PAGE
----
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In 1878, Congress authorized the U.S. Marine Hospital Service (forerunner of the Public Health Service) to collect reports from U.S. consuls overseas about local occurrences of diseases such as cholera, smallpox, plague, and yellow fever.  This information was used to institute quarantine measures to prevent introducing or spreading these diseases in the United States.

In 1879, a Congressional appropriation funded collecting and publishing reports of these notifiable diseases.  The authority for weekly reporting and publishing of these cases was expanded by Congress in 1893 to include data from states and municipal authorities.

To improve the uniformity of the data, Congress in 1902 directed the Surgeon General to provide specific forms to be used for collecting and compiling these data and for publishing reports at the national level.

In 1912, state and territorial health authorities – in conjunction with the Public Health Service (PHS) – recommended immediate telegraphic reporting of five infectious diseases and the monthly reporting by letter of 10 additional diseases.  That year, the first annual summary of The Notifiable Diseases included reports of 10 diseases from 19 states, the District of Columbia, and Hawaii.  By 1928, all states, the District of Columbia, Hawaii, and Puerto Rico, were participants in the national reporting of 29 specified diseases.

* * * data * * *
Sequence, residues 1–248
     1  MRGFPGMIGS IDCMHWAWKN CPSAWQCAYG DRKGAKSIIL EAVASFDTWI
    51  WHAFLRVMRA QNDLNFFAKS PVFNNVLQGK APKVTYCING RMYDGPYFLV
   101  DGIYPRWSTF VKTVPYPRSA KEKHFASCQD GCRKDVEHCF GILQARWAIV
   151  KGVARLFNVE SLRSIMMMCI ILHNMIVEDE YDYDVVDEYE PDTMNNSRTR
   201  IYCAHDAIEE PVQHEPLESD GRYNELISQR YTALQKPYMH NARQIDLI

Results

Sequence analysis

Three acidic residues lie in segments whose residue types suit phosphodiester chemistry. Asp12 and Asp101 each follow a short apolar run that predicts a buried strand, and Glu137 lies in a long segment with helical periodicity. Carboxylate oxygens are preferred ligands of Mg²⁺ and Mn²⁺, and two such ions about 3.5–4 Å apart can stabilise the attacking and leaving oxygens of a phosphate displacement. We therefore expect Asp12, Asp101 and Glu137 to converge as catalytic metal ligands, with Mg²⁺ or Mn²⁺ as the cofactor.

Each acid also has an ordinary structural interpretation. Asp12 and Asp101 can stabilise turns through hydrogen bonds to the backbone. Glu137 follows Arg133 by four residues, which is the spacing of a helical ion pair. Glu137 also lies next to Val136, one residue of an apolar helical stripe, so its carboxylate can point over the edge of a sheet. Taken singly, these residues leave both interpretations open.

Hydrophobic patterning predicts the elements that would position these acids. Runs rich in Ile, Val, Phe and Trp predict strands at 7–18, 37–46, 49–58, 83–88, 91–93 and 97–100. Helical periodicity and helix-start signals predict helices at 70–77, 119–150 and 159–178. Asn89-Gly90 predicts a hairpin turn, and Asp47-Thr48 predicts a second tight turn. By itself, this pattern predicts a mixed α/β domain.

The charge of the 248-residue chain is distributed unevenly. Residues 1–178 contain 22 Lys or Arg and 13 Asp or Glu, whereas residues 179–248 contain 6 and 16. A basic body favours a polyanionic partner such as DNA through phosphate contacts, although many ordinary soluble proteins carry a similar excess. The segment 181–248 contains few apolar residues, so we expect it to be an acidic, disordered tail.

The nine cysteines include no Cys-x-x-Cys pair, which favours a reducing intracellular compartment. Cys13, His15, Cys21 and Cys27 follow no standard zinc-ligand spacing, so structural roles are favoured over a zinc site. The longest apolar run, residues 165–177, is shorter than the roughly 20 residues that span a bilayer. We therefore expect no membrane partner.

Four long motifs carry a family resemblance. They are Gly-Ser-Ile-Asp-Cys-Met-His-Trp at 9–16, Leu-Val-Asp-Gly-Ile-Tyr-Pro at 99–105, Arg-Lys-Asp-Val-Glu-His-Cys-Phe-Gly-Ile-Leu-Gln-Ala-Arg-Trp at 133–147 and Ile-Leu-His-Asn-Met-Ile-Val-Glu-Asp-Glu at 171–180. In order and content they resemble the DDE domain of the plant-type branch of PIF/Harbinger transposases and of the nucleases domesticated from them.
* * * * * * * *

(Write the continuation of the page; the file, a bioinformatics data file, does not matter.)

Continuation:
In 1950, Alexander Langmuir, Director of CDC’s Bureau of Epidemiology, recognized the importance of state input in reporting communicable diseases, and asked the Association of State and Territorial Health Officials (ASTHO) to convene the state epidemiologists and charge them with the responsibility of deciding which diseases should be reported nationally.  A year later, in 1951, a fully documented list of national notifiable diseases was generated by a conference of state and territorial epidemiologists.  The Conference of State and Territorial Epidemiologists (known today as the Council of State and Territorial Epidemiologists – CSTE) was formally established in 1955.  CSTE continues to hold the responsibility for defining and recommending which diseases and conditions are reportable within states and which of these diseases and conditions will be voluntarily reported to CDC.

In 1961, CDC assumed responsibility for collecting and publishing data concerning national notifiable diseases, and began publishing the MMWR with notifiable diseases data on January 13, 1961.


CDC works in partnership every day with 57 state, local, territorial, and health departments to improve NNDSS.  NNDSS staff and health departments also work closely with the Council of State and Territorial Epidemiologists (CSTE).  CSTE, as the voice of the states, works in collaboration with CDC programs to determine changes to the list of national notifiable conditions.